‘HSSC Karnataka proposes to set up a model chapter which will be replicated in other states’

Healthcare Sector Skill Council (HSSC) of India recently launched its Karnataka chapter. Dr Alexander Thomas, Chairman, HSSC, Karnataka State speaks to M Neelam Kachhap about the ecosystem for quality vocational education and skill development in the healthcare sector

Healthcare Sector Skill Council (HSSC) of India recently launched its Karnataka chapter. Dr Alexander Thomas, Chairman, HSSC, Karnataka State speaks to M Neelam Kachhap about the ecosystem for quality vocational education and skill development in the healthcare sector

What is the current state of skilled manpower in the Indian health sector?

201604ehm16India is expected to be home to a skilled workforce of 500 million by 2022. About 12 million people are expected to join the workforce every year. There are over 11 lakh allied health professionals like nursing associates, sanitarians, medical assistants, medical equipment operators, optometrists, traditional and faith healers, physiotherapists, dieticians and dental assistants across the country. Yet, it is still short of the current demand. The National Skill Development Corporation (NSDC) has estimated that incremental human resource requirement in India’s healthcare sector will double to 74 lakh by 2022. Besides, the size of the healthcare sector is expected to grow to Rs 9.64 lakh crores by 2017.

Why has skill development in healthcare been neglected?

In the past 65 years, we have spent most of our time talking about education. Lakhs and crores were spent in education and we thought imparting skill was part of education. But skill development did not happen and it remained neglected. Academics is different from skill development and we have to understand that.

India has spent generously on education and kept neglecting skill development, which has today resulted in a huge shortage of skilled workforce needed by the industry. In India, even today we don’t have entry-level, skilled manpower which the industry demands highly.

How is HSSC bridging this gap?

HSSC identifies skill gaps in various allied healthcare job roles through market surveys, occupational mapping and functional analysis. It also frames National Occupational Standards (NOS) and develops high quality courses and training modules for job roles. These training modules are as per the competency framework developed by HSSC. Quality check as well as building accreditation and certification mechanisms for institutes and students are also part of HSSC’s roles. It is setting up an Academy of Excellence (AOE) for capacity building. It also intends to enable maximum employment of SSC-certified personnel within the healthcare sector.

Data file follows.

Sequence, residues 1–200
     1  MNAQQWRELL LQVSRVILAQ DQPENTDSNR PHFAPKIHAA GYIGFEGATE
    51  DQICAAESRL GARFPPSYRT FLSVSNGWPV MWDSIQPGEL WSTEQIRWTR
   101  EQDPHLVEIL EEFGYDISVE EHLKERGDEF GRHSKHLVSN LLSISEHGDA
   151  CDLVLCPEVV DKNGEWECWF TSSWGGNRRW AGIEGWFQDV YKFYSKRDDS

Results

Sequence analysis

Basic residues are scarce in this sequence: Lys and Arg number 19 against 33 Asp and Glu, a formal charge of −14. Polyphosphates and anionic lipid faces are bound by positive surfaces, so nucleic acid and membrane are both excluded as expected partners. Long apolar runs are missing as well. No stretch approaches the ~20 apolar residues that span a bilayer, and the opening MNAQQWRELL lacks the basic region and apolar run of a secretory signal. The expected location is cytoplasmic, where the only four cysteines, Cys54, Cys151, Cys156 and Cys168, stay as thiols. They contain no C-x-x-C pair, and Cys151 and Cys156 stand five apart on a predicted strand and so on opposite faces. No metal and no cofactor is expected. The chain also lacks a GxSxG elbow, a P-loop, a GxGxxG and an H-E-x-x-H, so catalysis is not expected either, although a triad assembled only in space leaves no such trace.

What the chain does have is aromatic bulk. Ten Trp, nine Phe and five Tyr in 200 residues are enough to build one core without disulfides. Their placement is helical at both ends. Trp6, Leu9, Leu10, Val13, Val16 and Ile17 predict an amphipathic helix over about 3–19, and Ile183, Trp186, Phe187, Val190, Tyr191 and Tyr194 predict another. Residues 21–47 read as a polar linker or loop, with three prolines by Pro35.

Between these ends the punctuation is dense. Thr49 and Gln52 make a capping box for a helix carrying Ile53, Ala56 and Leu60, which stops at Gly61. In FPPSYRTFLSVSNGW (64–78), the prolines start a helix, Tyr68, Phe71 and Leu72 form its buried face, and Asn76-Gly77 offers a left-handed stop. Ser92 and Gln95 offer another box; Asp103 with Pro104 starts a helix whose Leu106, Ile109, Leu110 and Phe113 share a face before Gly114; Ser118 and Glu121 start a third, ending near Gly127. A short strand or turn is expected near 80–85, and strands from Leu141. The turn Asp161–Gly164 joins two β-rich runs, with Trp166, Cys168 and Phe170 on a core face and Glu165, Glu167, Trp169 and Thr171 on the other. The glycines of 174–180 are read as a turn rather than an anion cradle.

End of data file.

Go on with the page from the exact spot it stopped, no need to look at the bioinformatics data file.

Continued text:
Why did HSSC launch the Karnataka Chapter? What are its goals?

In the Governing Council meeting it was found imperative to expand the regional presence of HSSC. Karnataka Chapter has been launched to help the allied health workers who play a major role in delivering quality health care service with direct impact on patient safety and comfort. The Karnataka Chapter aims to ensure that the allied healthcare staff are also accredited and skilled after undergoing standardised training, bringing in a higher degree of professionalism at all levels. Karnataka has taken the lead in major health initiatives. HSSC Karnataka proposes to set up a model chapter which will be replicated in other states.

Goals of HSSC Karnataka Chapter

  • Scaling up the skill development activities
  • Creating awareness about Qualification Pack – National NOS, HSSC
  • Development of National Occupational Standards
  • Accreditation of training providers
  • Conduct ‘train the trainer’ and ‘training the assessor’ programme

As the Chairman of HSSC Karnataka, what would be your immediate priority?

My immediate priority would be to spread awareness about HSSC. The other priorities would be:

  • To have nationally recognised accredited programmes running at various colleges
  • To give the opportunity to those who want continue studies for professional courses with career progression.
  • To provide manpower to expanding healthcare services.
  • Affiliate new institutes and recommend new courses based on need.

What are your plans for HSSC Karnataka?

Among other things, what we really want to focus on in the near future is ‘Train the Trainer’ programmes as it helps to train the medical professionals for different job roles of allied health on the basis of National Occupational Standards set by HSSC. We would also want to enrol eligible students (by affordable institutions). In short, help in providing quality, affordable healthcare in our country.

mneelam.kachhap@xpressindia.com

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